London’s “fashionable South Bank”

I have never thought of my gaff in the Elephant and Castle as being in a fashionable part of London – though I personally like the area, and I think it is underrated (and hence relatively cheap, considering how central it is).

But I see from this article in The Observer that, unbeknownst to me, I in fact live on the fringe of a fashionable part of the city.  Gaby Hinsliff and Conal Walsh criticize Sean Woodward for using his MP’s allowance to pay for an appartment "London’s fashionable South Bank".  What is bizarre is that there is no suggestion that Mr Woodward has done anything wrong: he has used his additional cost allowance for exactly the purpose for which it is intended (defraying the costs of a London home that an MP needs to do his or her job) and the article admits that he has claimed no more than he is entitled to.  But Ms Hinsliff, the utterly useless political editor of the Observer, seems to think that because Mr Woodward is rich, he should forgo claiming these allowances.

6 thoughts on “London’s “fashionable South Bank””

  1. I couldn’t agree less. There’s no presumption that an MP should claim this allowance, regardless of whether he or she needs the money – as Woodward clearly doesn’t. He may be remaining within the letter of the arrangement, but he’s abusing its spirit.

  2. Phil

    Do you also think that MPs who are wealthy should not claim their salaries?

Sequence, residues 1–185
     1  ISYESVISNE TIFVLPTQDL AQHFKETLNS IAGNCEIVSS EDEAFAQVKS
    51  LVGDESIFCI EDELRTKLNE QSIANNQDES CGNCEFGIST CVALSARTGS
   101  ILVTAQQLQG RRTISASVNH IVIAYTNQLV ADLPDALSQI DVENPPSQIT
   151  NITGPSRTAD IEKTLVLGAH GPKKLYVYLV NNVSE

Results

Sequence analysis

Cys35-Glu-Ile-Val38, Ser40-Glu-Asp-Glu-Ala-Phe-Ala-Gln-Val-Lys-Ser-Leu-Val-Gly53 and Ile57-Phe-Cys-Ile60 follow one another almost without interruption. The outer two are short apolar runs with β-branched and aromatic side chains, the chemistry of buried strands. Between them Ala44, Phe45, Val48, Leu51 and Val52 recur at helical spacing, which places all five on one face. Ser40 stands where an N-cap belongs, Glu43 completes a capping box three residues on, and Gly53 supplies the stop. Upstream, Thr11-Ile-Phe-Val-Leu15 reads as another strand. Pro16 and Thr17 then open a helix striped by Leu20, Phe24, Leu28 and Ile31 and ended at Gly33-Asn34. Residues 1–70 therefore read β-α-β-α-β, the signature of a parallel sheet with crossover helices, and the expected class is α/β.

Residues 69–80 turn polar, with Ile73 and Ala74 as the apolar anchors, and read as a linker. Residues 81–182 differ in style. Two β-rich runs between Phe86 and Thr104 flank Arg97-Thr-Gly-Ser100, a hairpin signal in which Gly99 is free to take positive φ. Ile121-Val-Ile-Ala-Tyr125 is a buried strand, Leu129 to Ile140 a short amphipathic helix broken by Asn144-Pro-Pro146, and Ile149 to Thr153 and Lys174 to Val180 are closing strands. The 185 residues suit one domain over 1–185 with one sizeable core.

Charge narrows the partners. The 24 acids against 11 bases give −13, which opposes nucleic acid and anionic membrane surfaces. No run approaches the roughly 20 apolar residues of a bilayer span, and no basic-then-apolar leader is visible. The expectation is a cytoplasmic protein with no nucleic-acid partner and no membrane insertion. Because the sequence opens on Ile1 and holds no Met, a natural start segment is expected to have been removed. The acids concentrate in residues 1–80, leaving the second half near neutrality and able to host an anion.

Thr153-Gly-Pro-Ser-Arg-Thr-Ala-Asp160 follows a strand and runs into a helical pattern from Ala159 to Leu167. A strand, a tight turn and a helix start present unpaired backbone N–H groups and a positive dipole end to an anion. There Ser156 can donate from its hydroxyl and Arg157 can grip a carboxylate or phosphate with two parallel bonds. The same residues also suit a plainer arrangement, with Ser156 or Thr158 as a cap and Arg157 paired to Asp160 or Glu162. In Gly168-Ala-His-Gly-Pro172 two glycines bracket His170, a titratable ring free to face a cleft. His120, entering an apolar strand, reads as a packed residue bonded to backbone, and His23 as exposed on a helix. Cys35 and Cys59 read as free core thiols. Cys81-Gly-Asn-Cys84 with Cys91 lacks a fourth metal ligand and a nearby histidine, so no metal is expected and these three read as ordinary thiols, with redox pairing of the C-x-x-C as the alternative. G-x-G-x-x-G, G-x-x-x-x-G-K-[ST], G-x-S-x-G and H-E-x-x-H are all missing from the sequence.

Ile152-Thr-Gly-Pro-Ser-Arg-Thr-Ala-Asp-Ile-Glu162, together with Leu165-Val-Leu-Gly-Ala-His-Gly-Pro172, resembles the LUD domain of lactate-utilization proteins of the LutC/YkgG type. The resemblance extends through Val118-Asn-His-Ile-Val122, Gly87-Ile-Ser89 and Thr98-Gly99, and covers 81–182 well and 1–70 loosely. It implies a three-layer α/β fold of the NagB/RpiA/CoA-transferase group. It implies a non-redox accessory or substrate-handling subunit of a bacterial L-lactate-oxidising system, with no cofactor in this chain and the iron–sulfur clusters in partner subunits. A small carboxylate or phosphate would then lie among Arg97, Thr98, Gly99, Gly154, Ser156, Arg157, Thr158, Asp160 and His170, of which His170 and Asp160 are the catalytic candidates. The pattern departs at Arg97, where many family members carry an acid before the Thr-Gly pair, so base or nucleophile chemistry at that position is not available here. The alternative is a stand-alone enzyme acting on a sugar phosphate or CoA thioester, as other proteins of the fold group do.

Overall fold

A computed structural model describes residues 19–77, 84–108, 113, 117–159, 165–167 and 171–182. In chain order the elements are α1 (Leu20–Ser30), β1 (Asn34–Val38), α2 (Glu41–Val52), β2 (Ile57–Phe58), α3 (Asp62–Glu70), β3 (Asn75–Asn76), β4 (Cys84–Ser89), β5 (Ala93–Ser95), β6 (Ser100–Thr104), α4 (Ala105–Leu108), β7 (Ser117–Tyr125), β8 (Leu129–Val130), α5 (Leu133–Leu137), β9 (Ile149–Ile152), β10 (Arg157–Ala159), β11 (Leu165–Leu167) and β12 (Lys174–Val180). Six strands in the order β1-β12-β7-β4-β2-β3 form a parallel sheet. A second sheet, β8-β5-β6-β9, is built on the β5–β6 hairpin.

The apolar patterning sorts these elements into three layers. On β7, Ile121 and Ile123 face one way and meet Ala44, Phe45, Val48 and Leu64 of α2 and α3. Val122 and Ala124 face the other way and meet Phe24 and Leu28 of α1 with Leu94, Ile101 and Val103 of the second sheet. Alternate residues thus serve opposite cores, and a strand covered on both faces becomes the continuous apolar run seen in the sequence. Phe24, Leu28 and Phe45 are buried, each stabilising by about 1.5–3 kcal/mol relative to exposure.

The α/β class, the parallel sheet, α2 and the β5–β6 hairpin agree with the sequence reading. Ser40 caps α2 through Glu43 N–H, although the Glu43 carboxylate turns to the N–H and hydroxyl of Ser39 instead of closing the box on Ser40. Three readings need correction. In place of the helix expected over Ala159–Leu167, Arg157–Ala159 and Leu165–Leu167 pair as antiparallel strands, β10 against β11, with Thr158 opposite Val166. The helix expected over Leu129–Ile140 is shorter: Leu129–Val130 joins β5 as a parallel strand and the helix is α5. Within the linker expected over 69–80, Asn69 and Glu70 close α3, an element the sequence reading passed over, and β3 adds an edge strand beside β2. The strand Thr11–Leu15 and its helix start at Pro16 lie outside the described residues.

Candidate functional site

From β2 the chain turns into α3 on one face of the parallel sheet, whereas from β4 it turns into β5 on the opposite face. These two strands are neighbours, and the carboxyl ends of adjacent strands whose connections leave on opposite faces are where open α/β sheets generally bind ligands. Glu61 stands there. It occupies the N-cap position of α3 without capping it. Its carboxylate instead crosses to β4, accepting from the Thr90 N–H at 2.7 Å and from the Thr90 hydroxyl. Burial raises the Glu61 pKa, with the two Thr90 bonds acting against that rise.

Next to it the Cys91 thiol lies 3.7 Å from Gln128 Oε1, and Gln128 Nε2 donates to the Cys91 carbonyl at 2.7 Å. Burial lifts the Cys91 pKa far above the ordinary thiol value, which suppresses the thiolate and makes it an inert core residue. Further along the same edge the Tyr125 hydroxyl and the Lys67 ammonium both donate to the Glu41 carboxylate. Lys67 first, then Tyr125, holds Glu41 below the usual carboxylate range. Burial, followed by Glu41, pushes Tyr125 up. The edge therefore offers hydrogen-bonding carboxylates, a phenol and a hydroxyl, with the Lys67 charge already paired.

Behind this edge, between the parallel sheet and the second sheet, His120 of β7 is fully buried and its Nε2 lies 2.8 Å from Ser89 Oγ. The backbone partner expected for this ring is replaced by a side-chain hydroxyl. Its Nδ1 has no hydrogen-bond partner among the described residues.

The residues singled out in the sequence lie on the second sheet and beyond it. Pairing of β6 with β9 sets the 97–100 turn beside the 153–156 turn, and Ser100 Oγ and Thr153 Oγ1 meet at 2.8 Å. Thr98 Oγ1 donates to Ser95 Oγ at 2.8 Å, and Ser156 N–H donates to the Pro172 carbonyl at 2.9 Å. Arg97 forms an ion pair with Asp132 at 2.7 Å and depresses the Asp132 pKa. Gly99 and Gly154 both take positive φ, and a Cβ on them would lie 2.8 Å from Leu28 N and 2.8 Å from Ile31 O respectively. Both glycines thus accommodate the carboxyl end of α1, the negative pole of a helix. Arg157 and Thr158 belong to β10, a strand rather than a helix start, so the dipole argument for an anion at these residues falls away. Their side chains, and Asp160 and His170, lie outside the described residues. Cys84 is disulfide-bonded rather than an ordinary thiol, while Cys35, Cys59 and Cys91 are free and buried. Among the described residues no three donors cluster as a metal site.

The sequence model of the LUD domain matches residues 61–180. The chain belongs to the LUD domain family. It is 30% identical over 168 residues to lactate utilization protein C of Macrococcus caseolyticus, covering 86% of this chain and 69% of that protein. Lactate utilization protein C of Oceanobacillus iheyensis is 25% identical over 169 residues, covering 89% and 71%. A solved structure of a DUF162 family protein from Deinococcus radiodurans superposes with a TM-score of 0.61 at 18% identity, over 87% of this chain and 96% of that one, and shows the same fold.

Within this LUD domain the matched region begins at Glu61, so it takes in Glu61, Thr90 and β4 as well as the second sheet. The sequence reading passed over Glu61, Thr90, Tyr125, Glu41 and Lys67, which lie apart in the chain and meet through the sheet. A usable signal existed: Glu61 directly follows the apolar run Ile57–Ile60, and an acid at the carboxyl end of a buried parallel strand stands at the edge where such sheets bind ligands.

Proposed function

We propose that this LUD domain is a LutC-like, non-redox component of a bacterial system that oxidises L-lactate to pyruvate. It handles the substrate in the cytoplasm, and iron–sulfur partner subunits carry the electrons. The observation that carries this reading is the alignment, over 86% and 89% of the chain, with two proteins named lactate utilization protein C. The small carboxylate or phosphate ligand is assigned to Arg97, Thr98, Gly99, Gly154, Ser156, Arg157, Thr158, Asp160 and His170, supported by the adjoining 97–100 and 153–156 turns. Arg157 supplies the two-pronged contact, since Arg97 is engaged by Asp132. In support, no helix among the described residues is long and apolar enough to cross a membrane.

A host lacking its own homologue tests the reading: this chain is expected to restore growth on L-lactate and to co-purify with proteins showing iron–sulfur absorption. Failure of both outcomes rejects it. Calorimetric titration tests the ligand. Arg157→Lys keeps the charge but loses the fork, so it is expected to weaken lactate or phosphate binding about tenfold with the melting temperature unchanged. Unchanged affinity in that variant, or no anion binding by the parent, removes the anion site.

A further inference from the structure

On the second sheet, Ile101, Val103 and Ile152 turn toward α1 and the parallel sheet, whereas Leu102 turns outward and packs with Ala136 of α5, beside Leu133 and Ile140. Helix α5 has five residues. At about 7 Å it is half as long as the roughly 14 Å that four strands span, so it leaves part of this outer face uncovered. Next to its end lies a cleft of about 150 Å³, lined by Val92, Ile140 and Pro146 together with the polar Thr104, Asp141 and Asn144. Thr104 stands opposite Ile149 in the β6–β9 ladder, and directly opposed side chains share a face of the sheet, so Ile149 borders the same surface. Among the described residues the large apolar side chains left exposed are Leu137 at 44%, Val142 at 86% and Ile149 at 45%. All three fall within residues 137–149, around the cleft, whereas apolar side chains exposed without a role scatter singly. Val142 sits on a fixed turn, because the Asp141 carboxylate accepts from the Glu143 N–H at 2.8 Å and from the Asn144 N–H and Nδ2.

The guidance on ACA says: 

    The Additional Costs Allowance (ACA) reimburses Members with constituencies outside inner London of expenses incurred in staying overnight away from home whilst performing parliamentary duties.

    Nothing there about it being means-tested.  Why should Sean Woodward not claim it?

    Owen

  3. In answer to your first (rhetorical?) question – well, yes, since you mention it. Originally MPs weren’t paid a salary, presumably on the basis that eminent gents would take it on as a public service. Obviously I favour MPs getting paid as a general rule, but I favour it precisely because it widens the social base of Parliament. But – given that the job is a public service – I don’t see any pressing reason for MPs to be rich, or to receive a rich person’s salary. The Militant Tendency used to have a policy that ‘their’ Labour MPs would claim only the average skilled manual wage rather than the full MPs’ salary; they only ever had one MP (Dave Nellist), but as far as I’m aware he abided by it. A fortiori, someone who already disposes of income equivalent or superior to the average ditto – as I’m sure Woodward does – has no need for <b>any</b> income from Parliament.<p>As for the guidance on ACA, an argument could be made that Woodward doesn’t qualify in the first place, given that his primary home isn’t actually in his constituency. More to the point, for most of us claiming the maximum allowed – even if we wouldn’t otherwise have been out of pocket – is regarded as a form of fiddling. It may not be in breach of the rules, but that’s not to say that we’d get away with doing it – or that Woodward should. 

  4. Phil

    As ever, you have very interesting and unusual views.  Does your proposal also apply to civil servants? Should those who are independently wealthy decline their salaries or expenses? And what about other public servants, like doctors or teachers: should they only draw a salary if they really need it?

    Is this view limited to public servants? What about company chief executives: should they only claim legitimate business expenses if they really need the money?

    Claiming the maximum allowed if the expenditure exceeds the maximum (as it does in this case) seems perfectly proper to me.

    Owen

     

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